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ASPS Stats Indicate Long-term Growth, Pinpoint Top Minimally Invasive Procedures

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The following information is useful if yours is a medical spa trying to forecast growth during the upcoming years or a spa considering bringing medical spa services into the mix.

Although it's been a sluggish year for plastic surgery due to the economy, the long-term outlook is more encouraging. According to statistics released by the American Society of Plastic Surgeons (ASPS), 12.5 million cosmetic plastic surgery procedures were performed in the United States in 2009, down 1% from 2008; up 69% since 2000. Nearly 5.2 million reconstructive plastic surgery procedures were performed last year.

"The industry has experienced some economic downturn during the later part of the decade due to the recession, but, overall, plastic surgery has seen growth in the first decade of the new millennium," said ASPS president Michael McGuire, MD. "The current economic climate will likely not have an impact on long-term growth. The largest contributor to the increase in procedures over the past decade has been the advent of injectable wrinkle fighters and other minimally invasive procedures."

Cosmetic minimally invasive procedures increased 1%, to nearly 11 million procedures in 2009. Minimally invasive procedures are up 99% since 2000. The top five minimally invasive procedures in 2009 were:

  • Botulinum toxin type A (4.8 million)
  • Soft tissue fillers (1.7 million)
  • Chemical peel (1.1 million)
  • Microdermabrasion (910,000)
  • Laser hair removal (893,000)

"Skin is in," said McGuire. "Chemical peels and soft tissue fillers like hyaluronic acid are up 9%, microdermabrasion is up 8%—these are the procedures that patients are opting for despite the economy."

Cosmetic surgical procedures decreased 9%, with more than 1.5 million procedures in 2009. Surgical procedures are down 20% since 2000. The top five surgical procedures in 2009 were:

  • Breast augmentation (289,000)
  • Nose reshaping (256,000)
  • Eyelid surgery (203,000)
  • Liposuction (198,000)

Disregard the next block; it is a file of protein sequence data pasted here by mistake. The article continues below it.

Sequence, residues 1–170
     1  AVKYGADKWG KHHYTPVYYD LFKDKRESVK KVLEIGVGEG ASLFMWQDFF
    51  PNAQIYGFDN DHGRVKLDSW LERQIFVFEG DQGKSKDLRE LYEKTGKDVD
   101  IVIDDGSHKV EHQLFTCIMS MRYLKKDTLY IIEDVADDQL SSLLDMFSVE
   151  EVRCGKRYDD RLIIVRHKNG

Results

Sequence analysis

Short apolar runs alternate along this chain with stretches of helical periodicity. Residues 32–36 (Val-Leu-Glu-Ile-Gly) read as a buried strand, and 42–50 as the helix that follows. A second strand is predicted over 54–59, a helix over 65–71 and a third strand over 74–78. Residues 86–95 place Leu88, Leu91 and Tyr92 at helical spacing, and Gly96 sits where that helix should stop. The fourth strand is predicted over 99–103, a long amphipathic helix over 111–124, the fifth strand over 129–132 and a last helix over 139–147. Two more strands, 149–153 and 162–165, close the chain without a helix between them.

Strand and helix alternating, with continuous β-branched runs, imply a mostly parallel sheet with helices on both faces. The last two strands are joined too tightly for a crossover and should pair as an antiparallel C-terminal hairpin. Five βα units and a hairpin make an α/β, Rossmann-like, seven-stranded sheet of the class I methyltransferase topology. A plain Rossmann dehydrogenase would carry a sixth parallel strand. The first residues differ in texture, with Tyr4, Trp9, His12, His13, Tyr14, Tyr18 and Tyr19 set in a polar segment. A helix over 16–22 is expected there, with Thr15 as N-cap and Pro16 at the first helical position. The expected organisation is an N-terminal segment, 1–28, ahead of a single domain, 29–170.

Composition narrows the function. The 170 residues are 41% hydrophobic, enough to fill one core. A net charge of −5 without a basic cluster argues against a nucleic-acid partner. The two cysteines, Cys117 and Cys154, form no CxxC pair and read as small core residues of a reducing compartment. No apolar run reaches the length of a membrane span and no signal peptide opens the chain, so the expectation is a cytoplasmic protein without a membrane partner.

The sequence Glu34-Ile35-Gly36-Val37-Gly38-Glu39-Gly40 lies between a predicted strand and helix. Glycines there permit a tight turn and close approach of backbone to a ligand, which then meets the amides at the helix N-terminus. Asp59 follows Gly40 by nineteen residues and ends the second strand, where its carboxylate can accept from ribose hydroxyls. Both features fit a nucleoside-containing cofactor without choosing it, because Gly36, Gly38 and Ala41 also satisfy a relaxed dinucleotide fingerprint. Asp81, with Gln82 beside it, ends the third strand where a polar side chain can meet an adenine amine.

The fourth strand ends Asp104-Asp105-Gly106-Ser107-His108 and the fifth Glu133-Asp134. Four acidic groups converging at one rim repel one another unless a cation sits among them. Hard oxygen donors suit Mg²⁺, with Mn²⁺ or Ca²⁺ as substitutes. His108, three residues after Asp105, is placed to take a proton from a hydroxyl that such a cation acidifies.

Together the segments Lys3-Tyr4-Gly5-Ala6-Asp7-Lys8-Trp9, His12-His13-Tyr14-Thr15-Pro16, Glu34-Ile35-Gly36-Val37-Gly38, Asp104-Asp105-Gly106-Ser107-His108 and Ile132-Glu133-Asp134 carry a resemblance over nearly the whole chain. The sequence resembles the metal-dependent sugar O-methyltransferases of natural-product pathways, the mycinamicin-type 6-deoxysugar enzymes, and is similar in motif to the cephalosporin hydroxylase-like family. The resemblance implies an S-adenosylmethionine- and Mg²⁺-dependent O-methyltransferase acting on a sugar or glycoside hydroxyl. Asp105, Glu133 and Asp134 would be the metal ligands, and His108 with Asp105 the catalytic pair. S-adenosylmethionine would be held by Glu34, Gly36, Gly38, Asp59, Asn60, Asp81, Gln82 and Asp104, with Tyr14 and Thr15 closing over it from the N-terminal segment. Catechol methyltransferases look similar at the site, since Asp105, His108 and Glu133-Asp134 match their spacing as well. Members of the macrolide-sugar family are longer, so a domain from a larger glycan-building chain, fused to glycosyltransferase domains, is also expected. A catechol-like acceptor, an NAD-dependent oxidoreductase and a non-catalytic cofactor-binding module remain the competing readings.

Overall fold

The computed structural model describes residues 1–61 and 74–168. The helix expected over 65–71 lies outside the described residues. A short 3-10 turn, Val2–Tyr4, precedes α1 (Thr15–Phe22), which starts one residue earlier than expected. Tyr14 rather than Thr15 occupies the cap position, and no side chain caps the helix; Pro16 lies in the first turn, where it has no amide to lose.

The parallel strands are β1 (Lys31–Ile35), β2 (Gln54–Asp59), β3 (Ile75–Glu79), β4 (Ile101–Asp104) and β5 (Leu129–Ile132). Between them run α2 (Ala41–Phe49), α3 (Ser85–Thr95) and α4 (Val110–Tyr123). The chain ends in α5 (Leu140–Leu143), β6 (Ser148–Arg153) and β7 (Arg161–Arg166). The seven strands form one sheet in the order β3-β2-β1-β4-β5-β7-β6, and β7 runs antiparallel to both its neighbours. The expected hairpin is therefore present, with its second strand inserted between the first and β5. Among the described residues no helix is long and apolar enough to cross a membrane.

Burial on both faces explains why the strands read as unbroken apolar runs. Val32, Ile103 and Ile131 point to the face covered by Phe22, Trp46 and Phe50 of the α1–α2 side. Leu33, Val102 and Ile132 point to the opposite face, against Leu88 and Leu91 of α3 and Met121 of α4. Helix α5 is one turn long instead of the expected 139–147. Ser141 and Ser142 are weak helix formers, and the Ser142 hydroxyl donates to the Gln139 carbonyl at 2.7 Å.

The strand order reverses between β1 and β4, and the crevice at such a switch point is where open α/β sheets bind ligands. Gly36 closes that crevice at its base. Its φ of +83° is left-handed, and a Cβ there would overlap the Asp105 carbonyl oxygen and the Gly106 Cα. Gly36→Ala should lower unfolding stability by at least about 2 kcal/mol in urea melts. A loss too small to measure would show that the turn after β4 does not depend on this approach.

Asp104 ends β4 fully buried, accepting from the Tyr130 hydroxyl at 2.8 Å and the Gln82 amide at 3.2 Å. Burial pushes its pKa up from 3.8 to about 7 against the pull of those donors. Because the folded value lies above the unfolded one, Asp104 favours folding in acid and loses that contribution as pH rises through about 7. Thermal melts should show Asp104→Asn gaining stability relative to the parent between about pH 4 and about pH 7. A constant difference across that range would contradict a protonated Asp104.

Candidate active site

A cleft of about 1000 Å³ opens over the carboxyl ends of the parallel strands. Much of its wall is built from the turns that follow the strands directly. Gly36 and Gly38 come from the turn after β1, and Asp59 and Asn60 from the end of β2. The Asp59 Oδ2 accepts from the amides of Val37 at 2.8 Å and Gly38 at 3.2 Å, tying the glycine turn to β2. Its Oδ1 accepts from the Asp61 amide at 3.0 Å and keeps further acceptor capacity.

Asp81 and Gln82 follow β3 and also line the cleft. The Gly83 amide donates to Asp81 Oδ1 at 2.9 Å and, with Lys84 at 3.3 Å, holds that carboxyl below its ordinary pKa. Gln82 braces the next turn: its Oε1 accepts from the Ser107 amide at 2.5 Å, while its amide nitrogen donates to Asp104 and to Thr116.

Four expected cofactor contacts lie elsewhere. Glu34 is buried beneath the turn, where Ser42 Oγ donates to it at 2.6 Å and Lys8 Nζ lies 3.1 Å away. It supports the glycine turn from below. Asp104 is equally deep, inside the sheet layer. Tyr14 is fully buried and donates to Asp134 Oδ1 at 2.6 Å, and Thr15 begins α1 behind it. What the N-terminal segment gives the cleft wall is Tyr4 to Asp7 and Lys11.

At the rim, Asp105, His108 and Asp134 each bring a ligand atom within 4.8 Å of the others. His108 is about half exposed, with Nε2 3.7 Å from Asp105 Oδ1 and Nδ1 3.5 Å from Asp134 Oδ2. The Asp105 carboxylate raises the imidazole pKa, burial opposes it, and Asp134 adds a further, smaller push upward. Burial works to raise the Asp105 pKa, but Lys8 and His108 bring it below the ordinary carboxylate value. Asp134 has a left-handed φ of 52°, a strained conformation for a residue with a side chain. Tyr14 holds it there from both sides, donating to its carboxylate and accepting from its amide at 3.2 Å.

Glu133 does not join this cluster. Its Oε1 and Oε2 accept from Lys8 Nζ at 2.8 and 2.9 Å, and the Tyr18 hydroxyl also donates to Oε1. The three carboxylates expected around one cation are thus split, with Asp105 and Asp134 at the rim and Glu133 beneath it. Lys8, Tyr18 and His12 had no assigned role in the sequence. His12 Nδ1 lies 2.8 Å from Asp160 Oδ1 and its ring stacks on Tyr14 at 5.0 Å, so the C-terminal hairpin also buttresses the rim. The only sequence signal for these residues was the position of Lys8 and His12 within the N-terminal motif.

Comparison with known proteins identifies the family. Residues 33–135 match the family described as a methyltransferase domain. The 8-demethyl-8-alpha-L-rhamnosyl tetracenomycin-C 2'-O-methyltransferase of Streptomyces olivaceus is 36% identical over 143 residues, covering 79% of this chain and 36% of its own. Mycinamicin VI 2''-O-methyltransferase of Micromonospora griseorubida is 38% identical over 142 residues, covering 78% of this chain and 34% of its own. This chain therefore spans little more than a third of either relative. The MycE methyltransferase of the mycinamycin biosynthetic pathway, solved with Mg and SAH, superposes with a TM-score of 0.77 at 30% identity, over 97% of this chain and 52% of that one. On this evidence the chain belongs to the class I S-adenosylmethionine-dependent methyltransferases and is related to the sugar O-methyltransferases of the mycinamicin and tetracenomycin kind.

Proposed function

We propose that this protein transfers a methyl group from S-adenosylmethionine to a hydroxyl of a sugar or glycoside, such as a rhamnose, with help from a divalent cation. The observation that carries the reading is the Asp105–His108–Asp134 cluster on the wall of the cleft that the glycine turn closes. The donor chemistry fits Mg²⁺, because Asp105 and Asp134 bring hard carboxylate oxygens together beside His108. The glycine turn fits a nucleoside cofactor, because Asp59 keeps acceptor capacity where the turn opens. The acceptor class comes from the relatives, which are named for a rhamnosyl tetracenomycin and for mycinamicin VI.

• Tummy tuck (115,000)

"It would seem, as innovations in cosmetic minimally invasive procedures increase, surgery will continue to decrease," added McGuire. "However, as the economy rebounds, more patients and boomers will continue to seek surgical body contouring procedures (liposuction, tummy tuck), eyelid surgery and breast augmentations. In fact, breast augmentations are up 36% since 2000. Silicone implants are now used in 50% of all breast augmentations."

Echoing McGuire's words, new consumer data from an online survey conducted in March by Harris Interactive on behalf of RealSelf.com found America's interest in cosmetic procedures to be on the rise. According to the survey, more adults would choose to have "work done" if money was not an issue in the first quarter of 2010 (69%), as compared to fourth quarter 2009 (54%)—an increase of 15%. There is also high interest for "Mommy Makeover"-type procedures: more than one in four (29%) of those who would get cosmetic work done if money were not an issue would have a tummy tuck, 23% liposuction, and 15% a breast lift. Eyelid surgery was the top procedure for those planning to have a cosmetic surgical procedure within the next 12 months (27%). Laser hair removal was the top procedure for those planning a minimally invasive procedure within the next 12 months (23%).

Reconstructive plastic surgery, which improves function and appearance to abnormal structures, increased 5% in 2009. The top five reconstructive procedures in 2009 were:

  • Tumor removal (3.9 million)
  • Laceration repair (332,000)
  • Scar revision (171,000)
  • Hand surgery (110,000)
  • Maxillofacial surgery (90,000)

"Reconstructive plastic surgery is an important part of what we do," said McGuire. "We know that 70% of women eligible for breast reconstruction after cancer are not aware of their reconstructive options. We would like to see this change to the point that we can report this procedure is now among the top five reconstructive procedures."

ASPS procedural statistics are collected through the first online national database for plastic surgery procedures, Tracking Operations and Outcome for Plastic Surgeons (TOPS). This data, combined with the annual survey sent to American Board of Medical Specialties certified physicians most likely to perform these procedures, results in a comprehensive census on plastic surgery.

To view the entire 2009 National Clearinghouse of Plastic Surgery Statistics report, visit plasticsurgery.org. Visitors can also find information about procedures and referrals to ASPS member surgeons.

 

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